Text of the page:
APEX as a PWA: Part 1

Part 1: Introducing PWA

This blog post series intends to cover everything there is to know about turning an APEX application into a Progressive Web App.

This documentation is also available on GitHub.

APEX as a PWA: The Complete Guide

Part 1: Table of Content

What is a PWA

Let’s establish something clear right from the start: PWA stands for Progressive Web App and it refers to a bucket of concepts, aiming to close the gaps between traditional web apps and native apps.

PWA are not about one technology, they're about a set of modern browser APIs that, put together, make the case for a very compelling web user experience that resembles a native app.

I've always been a web developer. I love the openness of the web and the freedom it gives. I love the standards of the languages it uses. I love the fact that web apps can be released without involving users via system updates. I love that web apps don't need a special license to develop on a platform.

I don’t like having to learn multiple languages to publish the same app on iOs and Android. I don't like that we have to go through approval to release a new version of a native app.

But there is no denial that native apps have clear benefits over web apps.

Native App Benefits

Virtually everyone prefers a native app over a web app and there are good reasons for that.

Native apps are installable on a mobile device through an app store, which generates an icon on the home screen for easier accessibility. This app launches in full screen and is not cluttered with a URL bar. It scales responsively regardless of the screen size.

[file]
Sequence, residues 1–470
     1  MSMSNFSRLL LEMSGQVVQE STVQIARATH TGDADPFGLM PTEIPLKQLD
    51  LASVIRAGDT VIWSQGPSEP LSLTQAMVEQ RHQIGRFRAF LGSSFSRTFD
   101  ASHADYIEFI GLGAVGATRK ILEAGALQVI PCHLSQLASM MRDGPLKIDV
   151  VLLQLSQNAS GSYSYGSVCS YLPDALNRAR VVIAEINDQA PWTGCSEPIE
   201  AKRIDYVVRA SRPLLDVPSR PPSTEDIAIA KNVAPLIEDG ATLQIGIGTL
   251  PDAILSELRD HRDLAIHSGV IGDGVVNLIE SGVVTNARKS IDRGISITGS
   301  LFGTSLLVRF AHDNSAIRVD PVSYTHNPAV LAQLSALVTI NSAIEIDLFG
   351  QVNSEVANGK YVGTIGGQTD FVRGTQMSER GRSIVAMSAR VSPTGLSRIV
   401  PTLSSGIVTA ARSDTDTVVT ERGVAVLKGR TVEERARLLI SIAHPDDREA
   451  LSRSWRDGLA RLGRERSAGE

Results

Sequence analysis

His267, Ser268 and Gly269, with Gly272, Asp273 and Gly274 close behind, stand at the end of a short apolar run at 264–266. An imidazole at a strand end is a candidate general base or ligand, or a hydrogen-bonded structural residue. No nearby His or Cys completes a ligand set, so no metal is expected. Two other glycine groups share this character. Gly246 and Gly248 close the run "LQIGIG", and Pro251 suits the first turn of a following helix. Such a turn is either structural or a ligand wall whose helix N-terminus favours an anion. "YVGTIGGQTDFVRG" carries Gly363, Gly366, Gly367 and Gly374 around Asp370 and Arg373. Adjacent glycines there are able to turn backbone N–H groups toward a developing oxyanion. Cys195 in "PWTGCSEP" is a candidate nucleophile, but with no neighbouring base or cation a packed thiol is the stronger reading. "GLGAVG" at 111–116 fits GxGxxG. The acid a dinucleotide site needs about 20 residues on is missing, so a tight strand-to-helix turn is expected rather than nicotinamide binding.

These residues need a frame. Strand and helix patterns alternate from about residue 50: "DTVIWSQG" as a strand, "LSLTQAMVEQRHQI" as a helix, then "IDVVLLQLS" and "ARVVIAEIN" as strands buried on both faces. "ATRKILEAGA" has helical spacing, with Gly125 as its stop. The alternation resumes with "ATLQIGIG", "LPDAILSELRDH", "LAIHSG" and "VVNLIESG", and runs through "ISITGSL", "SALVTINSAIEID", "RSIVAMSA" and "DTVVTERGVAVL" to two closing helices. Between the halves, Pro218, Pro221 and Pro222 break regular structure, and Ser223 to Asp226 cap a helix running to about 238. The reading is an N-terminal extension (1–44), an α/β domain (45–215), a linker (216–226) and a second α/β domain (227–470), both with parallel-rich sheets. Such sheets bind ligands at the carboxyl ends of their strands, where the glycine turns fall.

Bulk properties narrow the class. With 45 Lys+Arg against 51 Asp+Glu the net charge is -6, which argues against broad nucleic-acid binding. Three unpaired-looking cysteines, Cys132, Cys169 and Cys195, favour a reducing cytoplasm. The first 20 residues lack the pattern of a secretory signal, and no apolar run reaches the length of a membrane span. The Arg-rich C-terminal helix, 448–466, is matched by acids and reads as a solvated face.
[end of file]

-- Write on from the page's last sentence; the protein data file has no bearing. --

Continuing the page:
A native app can still work offline by offering partial functionality and will synchronize pending requests with the server when the connectivity comes back.

Until now, browser based apps weren't able to do that.



Statistics don't lie. 87% of data consumption comes from native apps, leaving only 13% coming from web apps.

To me this is misleading because the market is dominated by the likes of Google, Facebook, Twitter, Microsoft, Apple, etc. Of course people will be pulling more bandwidth from these giants than from my APEX application.

But as an Oracle developer, I look at the chart above and I can't help but think there must be something going on there. I develop web apps using APEX, so what is it I'm missing?

PWA Concepts

Learning to turn APEX into a PWA is the equivalent of learning a small number of modern browser APIs. These APIs will allow your APEX application to match a native app experience.

Making a PWA doesn’t require the use of external or 3rd party libraries. In other words, everything in this guide is pure JavaScript and pure APEX.

Here are the concepts I will be covering in this guide:

App Manifest

An app manifest is a file containing the configuration that allows for a web app to be installed on a device. In most cases PWA tend to be installed on mobile devices, but the app manifest also allows for installing a web app into a desktop (Mac, Windows, Linux).

We will reference the app manifest within APEX, so the app can be installed at any time when the user is browsing.


Part 4 of this guide explains how to install APEX on any device.

Service Workers

A service worker is JavaScript code that lives in the background of an app, listening to events like fetching a resource or receiving a notification, meaning that a service worker can still operate even when the browser is closed or when the phone is off.

A service worker is the mastermind at the center of the PWA concepts. It's the code that links everything together for a seamless native app experience. In this guide, our service worker will be leverage the following browser APIs.

Cache API

The way we are going to allow offline usage is by caching the app shell. The app shell is what constitutes the user interface. By caching the app shell, the APEX app should load much faster since we don't need to hit the server for every page request.